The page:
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Responding to Electric Vehicle Fires Caused by Salt Water Flooding

Posted: Oct. 20, 2022

Guidance on response to electric vehicle (EV) battery fires associated with salt water submersion is available from the National Highway Traffic Safety Administration (NHTSA) and the International Association of Fire Chiefs (IAFC).

With EV sales expected to increase drastically in the next few years, there are growing concerns in the firefighting community about how to deal with EV fires.

One area of concern is EVs that have been flooded by salt water. According to the NHTSA, residual salt within the battery or battery components can form conductive “bridges” that can lead to short circuit and self-heating of the battery, resulting in fires. The time frame in which a damaged battery can ignite has been observed to vary widely, from days to weeks.

For example, in the storm surge in Florida that accompanied Hurricane Ian in September 2022, many vehicles were submerged at least partially in salt water. In the following weeks, at least 12 EV fires were reported in Collier and Lee Counties. One on Sanibel Island burned 2 houses to the ground. (See also: Hurricane Isaias Shows Why Storm Fire Safety Matters)

Guidance for EVs flooded with salt water

The NHTSA emphasizes first identifying any flooded electric vehicles and then moving them at least 50 feet from any structures, other vehicles or combustibles.

NHTSA's 2014 guidance for first responders PDF and second responders PDF, developed in collaboration with the U.S. Fire Administration, National Fire Protection Association (NFPA) and others, was revised after the 2012 flooding from Hurricane Sandy submerged several hundred EVs in salt water, leading to several fires in Fisker EVs. The 2014 bulletins now incorporate response guidance related to hazards from flooded EVs.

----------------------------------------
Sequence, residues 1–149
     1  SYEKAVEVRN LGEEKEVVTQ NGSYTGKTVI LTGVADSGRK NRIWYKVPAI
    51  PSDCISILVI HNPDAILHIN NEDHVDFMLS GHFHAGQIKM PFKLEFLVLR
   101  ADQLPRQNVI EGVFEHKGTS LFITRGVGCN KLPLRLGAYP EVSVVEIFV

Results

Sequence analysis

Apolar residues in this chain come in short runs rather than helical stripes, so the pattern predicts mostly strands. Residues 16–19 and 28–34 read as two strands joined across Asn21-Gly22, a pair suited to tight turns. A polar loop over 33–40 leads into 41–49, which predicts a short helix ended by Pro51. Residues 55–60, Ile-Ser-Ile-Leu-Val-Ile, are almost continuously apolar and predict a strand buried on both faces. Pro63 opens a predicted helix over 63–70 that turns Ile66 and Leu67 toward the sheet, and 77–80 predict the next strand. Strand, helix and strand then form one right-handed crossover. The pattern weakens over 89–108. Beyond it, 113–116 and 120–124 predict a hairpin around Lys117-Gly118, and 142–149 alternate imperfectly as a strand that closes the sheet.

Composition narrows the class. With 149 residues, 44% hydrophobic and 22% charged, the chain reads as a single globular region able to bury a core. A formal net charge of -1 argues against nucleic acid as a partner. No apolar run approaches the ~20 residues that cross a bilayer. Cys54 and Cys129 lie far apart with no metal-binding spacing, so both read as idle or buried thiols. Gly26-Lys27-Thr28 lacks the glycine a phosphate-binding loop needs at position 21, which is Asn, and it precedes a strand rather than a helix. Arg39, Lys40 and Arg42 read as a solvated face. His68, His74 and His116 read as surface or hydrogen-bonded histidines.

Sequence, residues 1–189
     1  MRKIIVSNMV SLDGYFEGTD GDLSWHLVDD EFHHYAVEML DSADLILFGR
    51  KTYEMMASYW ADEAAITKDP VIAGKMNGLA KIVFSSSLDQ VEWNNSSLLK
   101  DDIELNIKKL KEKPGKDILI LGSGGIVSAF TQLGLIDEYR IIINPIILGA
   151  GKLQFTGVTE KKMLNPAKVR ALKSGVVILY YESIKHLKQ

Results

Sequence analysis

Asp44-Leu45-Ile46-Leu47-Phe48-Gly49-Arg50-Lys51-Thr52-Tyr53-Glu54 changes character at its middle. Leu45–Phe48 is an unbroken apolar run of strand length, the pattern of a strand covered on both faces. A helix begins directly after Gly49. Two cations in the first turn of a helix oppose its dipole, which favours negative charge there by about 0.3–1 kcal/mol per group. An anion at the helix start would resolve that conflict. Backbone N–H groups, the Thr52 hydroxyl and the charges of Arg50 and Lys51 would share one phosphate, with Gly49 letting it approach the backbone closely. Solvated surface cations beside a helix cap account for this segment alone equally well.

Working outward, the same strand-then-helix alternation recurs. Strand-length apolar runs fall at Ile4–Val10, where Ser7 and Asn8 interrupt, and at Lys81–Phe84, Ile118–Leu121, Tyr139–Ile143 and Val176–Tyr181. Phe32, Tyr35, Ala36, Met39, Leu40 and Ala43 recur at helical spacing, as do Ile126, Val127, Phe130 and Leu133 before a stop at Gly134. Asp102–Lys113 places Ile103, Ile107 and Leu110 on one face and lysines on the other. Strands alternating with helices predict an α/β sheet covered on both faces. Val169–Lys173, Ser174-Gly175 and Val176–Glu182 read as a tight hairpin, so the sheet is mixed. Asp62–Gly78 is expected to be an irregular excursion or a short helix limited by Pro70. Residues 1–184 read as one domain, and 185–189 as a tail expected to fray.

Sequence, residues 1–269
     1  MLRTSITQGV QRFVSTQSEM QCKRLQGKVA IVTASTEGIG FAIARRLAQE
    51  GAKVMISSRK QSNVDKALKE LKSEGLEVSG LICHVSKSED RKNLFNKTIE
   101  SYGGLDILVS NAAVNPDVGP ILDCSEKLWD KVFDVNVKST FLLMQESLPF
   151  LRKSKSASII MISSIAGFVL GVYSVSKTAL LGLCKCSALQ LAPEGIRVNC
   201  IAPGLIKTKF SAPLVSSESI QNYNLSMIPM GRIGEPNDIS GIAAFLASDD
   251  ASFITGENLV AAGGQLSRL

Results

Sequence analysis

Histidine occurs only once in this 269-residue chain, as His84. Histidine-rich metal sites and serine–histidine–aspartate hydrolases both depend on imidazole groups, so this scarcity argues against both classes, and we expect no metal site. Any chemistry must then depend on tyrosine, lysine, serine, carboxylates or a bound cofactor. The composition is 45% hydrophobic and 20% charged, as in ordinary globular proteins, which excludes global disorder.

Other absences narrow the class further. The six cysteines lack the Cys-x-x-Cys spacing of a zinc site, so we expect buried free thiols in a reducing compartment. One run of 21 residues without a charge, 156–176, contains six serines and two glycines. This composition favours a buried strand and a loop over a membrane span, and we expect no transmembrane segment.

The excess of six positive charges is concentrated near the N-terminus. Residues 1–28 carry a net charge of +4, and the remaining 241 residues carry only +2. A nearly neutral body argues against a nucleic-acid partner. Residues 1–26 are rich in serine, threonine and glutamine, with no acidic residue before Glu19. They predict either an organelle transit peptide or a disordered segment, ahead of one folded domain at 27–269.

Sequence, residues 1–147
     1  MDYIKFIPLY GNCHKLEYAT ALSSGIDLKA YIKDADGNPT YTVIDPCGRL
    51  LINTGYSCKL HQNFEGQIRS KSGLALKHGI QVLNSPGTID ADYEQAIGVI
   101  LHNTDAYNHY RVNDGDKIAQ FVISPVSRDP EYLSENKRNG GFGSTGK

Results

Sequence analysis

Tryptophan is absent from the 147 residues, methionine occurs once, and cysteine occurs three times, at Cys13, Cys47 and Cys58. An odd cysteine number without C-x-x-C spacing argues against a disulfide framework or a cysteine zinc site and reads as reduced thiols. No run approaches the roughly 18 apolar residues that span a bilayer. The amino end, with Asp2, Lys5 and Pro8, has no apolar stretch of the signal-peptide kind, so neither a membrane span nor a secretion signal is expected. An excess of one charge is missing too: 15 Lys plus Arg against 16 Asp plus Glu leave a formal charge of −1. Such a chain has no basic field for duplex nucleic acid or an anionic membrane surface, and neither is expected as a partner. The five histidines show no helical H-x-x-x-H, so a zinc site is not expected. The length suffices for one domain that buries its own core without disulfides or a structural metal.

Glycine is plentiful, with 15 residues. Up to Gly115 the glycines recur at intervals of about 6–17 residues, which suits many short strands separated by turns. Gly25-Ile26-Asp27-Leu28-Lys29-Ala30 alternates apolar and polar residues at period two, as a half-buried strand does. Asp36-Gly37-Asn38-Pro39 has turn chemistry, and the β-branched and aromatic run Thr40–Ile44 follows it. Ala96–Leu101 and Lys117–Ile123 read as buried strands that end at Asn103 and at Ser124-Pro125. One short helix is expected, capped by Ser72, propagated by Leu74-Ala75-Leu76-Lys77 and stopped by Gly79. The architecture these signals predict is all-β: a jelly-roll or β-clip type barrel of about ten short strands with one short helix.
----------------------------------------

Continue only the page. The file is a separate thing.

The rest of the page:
Also, the International Association of Fire Chiefs (IAFC) has a webinar (available free of charge after registration) on response to EV battery fires associated with salt water submersion.

The potential problem extends beyond flooded EVs

In all occurrences, EV battery fires can be very time- and resource-intensive for responders. There are safety risks for responders related to the emission of toxic and flammable gases from damaged batteries, and the unpredictability of thermal runaway and re-ignition. Resources for dealing with EV fires include:

This article is based on content in the
Oct. 20, 2022 InfoGram.

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